Hand a person a fish and they’ll eat for a day, teach them how to fish, however, and they’ll eat for a lifetime.
But… What if that person didn’t even want a fish in the first place? What if what they are actually after is a drink? What if they don’t like fish at all?
You can quite probably safely assume that the fishing rod won’t pique their interest either!
Now swap out that person for a business and imagine yourself opposite with the metaphorical salmon dangling from your fishhook.
Much like customers, businesses don’t want to be sold something they don’t need.
In other words, they won’t be interested in taking a further look at your product or service if it doesn’t align with their immediate priorities.
You might think: ‘but what if I sell them the prospect of a seafood meal? That might change their mind!’
Pushing something on a company they don’t want or need is a waste of your time (and budget!) just as much as it is theirs.
This is why it’s so critical you get to know exactly what your target business would be looking for out of a potential business relationship...
- Not just what matters to them, but of those things, which matter the most?
- Not just what problems are they trying to solve, but which of those problems do they believe need solving most urgently?
- Not just what are they trying to achieve as a business, but how do they rank those goals?
In other words… what are their priorities?
As part of this, you need to consider how far along in the buyer’s journey they are.
This is pretty crucial.
You want to gauge to what extent the organisation has identified their problem and the solution that is needed.
If they don’t realise they have a problem, then you are going to find it harder to sell them a solution.
But also, if they perceive themselves to have a different, more pressing problem, then they are likely to focus their attention (*cough* budget *cough*) on solving that one first.
On the flip side, if your product will help them achieve their most important business goals or solve their most pressing challenge, you will likely find a more receptive audience.
As we keep saying, timing is everything!
This is where lending an ear can pay dividends for you down the line. Getting to know your target businesses and their priorities is the key.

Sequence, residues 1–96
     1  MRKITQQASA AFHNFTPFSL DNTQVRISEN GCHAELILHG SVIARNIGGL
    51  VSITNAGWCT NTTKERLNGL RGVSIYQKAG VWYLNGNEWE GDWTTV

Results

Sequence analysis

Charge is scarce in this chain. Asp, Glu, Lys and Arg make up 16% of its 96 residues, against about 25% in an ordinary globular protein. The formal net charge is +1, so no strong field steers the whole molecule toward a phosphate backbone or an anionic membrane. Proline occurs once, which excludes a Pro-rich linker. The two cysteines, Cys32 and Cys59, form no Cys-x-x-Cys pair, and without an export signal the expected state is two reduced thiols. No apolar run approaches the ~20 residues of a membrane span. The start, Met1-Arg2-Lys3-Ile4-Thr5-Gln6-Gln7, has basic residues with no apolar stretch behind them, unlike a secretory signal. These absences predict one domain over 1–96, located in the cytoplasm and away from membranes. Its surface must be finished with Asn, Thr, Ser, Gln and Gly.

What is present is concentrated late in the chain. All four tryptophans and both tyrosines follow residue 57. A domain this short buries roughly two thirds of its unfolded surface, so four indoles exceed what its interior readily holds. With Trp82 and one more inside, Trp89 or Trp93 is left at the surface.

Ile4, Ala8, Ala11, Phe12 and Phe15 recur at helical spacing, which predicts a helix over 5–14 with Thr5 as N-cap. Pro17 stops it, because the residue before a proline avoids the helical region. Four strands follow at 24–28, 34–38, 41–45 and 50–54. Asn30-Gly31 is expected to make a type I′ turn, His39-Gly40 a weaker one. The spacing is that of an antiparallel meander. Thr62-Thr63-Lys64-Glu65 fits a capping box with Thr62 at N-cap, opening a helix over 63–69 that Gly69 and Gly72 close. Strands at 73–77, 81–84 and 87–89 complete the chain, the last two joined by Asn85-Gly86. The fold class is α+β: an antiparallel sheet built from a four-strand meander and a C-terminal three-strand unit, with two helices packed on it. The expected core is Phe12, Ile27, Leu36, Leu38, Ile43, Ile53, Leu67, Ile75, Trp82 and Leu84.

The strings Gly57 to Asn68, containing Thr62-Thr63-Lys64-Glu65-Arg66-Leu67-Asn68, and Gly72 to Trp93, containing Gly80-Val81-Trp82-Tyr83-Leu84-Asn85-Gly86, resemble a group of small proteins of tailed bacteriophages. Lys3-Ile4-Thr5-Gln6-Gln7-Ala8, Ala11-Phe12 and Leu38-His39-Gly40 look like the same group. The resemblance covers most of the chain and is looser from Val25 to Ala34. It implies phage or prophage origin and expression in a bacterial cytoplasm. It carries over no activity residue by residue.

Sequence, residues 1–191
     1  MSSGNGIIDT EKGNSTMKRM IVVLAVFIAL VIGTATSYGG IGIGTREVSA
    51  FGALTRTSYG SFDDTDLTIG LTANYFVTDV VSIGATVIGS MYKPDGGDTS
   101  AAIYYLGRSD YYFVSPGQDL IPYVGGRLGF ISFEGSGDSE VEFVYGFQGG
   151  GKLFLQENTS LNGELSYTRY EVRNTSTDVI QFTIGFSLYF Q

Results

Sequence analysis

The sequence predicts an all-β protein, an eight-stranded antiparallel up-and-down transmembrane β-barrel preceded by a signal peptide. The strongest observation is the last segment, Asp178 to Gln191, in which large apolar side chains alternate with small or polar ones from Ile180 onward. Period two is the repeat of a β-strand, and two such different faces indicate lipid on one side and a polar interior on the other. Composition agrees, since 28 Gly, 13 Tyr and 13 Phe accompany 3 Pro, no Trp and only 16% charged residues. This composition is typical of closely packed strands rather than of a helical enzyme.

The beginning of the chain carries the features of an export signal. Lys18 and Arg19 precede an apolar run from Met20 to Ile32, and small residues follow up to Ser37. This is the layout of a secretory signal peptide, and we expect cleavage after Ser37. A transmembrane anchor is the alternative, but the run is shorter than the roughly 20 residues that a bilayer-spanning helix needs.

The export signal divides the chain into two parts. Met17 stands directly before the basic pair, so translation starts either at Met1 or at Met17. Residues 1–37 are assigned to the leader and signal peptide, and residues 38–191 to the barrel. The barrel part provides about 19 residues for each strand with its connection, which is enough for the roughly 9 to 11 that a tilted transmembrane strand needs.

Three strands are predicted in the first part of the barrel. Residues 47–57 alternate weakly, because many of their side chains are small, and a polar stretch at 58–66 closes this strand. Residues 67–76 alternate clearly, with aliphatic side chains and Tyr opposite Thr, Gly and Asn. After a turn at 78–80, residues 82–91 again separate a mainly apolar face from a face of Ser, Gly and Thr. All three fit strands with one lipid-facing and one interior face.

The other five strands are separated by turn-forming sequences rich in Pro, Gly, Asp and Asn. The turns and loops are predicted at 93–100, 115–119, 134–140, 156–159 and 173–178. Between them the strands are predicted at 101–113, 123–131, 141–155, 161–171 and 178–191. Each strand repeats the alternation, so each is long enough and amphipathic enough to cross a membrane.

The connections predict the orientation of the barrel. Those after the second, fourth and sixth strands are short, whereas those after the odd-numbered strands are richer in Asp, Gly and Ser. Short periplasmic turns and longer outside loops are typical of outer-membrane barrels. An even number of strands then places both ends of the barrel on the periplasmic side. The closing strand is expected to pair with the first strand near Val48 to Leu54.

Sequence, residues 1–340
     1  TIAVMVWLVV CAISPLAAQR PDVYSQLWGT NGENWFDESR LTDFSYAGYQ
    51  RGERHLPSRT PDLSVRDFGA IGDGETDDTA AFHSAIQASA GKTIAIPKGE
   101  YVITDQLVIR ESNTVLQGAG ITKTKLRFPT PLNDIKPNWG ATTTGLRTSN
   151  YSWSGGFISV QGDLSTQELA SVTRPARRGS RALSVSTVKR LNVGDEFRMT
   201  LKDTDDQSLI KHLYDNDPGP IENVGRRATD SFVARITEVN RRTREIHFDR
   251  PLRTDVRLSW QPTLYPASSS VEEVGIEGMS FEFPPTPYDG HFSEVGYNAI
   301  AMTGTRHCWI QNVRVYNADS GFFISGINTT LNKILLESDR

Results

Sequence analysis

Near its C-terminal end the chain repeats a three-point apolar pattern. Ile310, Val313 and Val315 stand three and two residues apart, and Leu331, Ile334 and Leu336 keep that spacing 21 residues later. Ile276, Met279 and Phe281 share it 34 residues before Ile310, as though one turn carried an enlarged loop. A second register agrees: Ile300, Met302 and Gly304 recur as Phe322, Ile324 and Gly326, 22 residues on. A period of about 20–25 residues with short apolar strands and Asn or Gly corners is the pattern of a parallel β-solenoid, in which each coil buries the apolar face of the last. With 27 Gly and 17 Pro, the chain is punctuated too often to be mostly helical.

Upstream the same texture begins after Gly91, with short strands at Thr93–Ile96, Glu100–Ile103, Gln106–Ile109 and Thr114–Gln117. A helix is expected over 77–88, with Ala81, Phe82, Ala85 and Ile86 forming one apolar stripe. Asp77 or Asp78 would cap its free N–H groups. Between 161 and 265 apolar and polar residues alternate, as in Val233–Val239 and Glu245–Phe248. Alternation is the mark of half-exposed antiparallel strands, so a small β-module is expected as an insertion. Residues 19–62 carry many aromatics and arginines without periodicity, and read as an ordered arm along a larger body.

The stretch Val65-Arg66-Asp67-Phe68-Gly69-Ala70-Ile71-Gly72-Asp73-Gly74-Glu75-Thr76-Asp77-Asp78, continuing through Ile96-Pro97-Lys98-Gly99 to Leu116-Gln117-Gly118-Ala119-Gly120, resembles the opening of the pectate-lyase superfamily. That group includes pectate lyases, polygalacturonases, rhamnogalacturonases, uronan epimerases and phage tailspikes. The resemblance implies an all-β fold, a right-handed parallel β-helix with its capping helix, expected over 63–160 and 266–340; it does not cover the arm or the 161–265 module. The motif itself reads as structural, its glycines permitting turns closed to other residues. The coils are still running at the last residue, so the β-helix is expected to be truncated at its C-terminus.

And once you have wrapped your head around all of those qualifying factors, if you are confident that your product or service is actually a good fit to meet their needs, then getting the messaging right is key to helping them realise that.
You want to build that marketing campaign that just gets your target business.
While drawing on previous client case studies and testimonials can be a really valuable tool to demonstrate the value of your offering, as previous clients may experience similar pain points, you have to remember that not every challenge is 100% the same.
Therefore, the solutions can’t be either.
You can build up a pretty good idea of how to approach a certain problem.
But you’ll need to pay close attention to your target business to understand what aspects of your solution need to be amended to fit their challenges and align with their priorities.
If a business’ number one priority is to grow, be sure to explain how your product or service will help them to do this. If it is to become more profitable, run more efficiently, raise their profile or whatever else, likewise, tailor your message to align with the things they place the most value on.
In other words, tailoring both your offering and the way you communicate your offering to meet their priorities will boost your chances of striking a successful business arrangement.
But remember the fish analogy... none of that is even worthwhile doing if the business will not benefit from your offering in the first place, or if what you are offering is not high on their priority list!